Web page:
John Belushi, Muddy Waters, Johnny Winter & Dan Akroyd, date unknown, probably late 1970s.
[Screen cap from here.]
Have a great Hamas-Free weekend folks. See you back here tomorrow.
Johnny Winter, legendary guitarist and one of the most recognizable icons of Texas blues and rock passed away at the age of 70 earlier this week after a long career.
In a documentary released this year entitled “Johnny Winter Down and Dirty,” he laughed, “Made my first record when I was 15, started playing clubs when I was 15. Started drinking and smoking when I was 15. Sex when I was 15. Fifteen was a big year for me.”
According to Wiki, at age 10 he and his 8 year old brother Edgar played on local TV in his hometown of Beaumont Texas. Johnny Winter performed for an astounding 60 years, and he died while on still on tour.
RIP, Johnny. You made our roadtrips a hellalotta fun.
Another punk bit the big one.
Erdélyi Tamás, aka Tom Erdelyi, aka Tommy Ramone, assembled and helped create one of the most influential bands ever. The Ramones never had a hit single, despite hiring the legendary (and mentally disturbed) Phil Spector.
Tommy Ramone was not new to the recording industry when he and other Brooklyn friends decided to form a band to provide an alternative to the pre-packaged marketing-department formulaic garbage that infested the airwaves in the mid to late 1970s. The Ramones went back to rock and roll garage-band basics, with a twist – they played louder and faster.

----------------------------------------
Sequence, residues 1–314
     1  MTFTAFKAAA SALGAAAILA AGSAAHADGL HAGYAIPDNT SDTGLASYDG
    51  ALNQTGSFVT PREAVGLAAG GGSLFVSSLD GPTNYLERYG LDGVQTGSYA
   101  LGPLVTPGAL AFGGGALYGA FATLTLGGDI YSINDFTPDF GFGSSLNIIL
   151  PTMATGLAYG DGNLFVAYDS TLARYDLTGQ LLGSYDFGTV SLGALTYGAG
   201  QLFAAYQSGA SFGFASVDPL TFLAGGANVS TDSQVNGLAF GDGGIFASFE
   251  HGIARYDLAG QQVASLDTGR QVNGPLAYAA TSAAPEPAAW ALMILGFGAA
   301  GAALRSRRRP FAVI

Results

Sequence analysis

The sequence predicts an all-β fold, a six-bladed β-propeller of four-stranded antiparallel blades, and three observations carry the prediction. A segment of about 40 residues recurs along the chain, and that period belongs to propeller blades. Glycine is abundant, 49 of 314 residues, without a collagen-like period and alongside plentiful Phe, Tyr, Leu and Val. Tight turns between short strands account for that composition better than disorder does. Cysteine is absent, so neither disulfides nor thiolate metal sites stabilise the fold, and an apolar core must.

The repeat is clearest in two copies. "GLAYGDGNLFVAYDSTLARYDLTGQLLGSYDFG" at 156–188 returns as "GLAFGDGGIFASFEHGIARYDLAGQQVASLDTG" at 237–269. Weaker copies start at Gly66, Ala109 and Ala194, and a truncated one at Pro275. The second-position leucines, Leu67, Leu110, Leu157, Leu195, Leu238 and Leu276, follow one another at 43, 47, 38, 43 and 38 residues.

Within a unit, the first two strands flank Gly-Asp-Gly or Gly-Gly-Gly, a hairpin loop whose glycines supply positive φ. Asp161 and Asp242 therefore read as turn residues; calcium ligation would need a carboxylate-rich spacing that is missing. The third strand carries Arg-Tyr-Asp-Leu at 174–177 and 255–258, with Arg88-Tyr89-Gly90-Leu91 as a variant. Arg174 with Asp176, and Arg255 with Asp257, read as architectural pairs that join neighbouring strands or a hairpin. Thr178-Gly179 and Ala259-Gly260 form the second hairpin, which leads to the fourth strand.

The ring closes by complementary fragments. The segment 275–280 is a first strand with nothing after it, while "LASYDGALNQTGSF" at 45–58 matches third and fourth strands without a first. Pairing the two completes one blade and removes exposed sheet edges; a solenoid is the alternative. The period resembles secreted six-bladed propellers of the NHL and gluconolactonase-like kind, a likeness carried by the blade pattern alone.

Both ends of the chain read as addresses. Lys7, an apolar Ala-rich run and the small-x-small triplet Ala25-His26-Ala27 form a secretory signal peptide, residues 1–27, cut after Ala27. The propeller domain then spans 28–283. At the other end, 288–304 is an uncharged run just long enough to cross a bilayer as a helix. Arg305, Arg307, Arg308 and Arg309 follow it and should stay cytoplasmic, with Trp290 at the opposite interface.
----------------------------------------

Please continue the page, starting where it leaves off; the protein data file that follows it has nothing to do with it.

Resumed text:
That The Ramones rose to popularity by playing 3-chord rock in an obscure venue in the New York City Bowery district says a lot. Punk was born at CBGB’s, and although The Ramones’ garage-band style never garnered them a hit, their influence was huge.
Their message was, “Screw Emerson Lake and Palmer, Yes, Kansas, Foreigner and ELO! Screw CSN&Y and Boston! Listen to C, F & G!”
And The Ramones were spot on. R.I.P. Erdélyi Tamás, and thanks.
[Crossposted from here.]
Mariusz Goli “Improwizacja.”
The Buskerblaster is kinda cool especially if you’re a girl named Dylan.
A Capella is awesome, no matter where it happens.
Have a great weekend, folks.
Great performance by The Band, 1969. So let’s go retro to a great bluesey holler.
Janis Joplin did what other blues singers couldn’t do – get attention in the U.S in 1967. So what about 1965?
Barry McGuire gravelled his way through P.F. Sloan‘s “Eve of Destruction” without knowing what he was singing about almost 5o years ago. Turns out he may have been right for the wrong reasons, but it’s still a classic song.
If you agree with the Barry McGuire of 1965, believe that things are falling apart in 2014 and have the right to vote, please use your vote wisely… and whenever in doubt, abstain or vote NO.
Have a great weekend, folks. See you back here tomorrow for the cool stuff.
Miss Tess & The Bon Ton Parade perform “That Oo Oo Oo” in October 2009. According to the Utoobage comments, she’s playing an electrified 1920 Weymann archtop. This is early morning roadtrip music for me. I love it.
J.D. McPherson at Sun Studios 2014. Jump to 02:30 for kickass rockabilly.
Doowop wasn’t called “Doowop” until the 60s or so, so here’s a Rhythm & Blues Documentary instead. Yeah it’s kinda sucky, so try this:
Have a great weekend folks, and remember that this three-day weekend is not a holiday honoring BBQs and bloviating politicians.
Memorial Day honors those who gave their lives in the name of Freedom.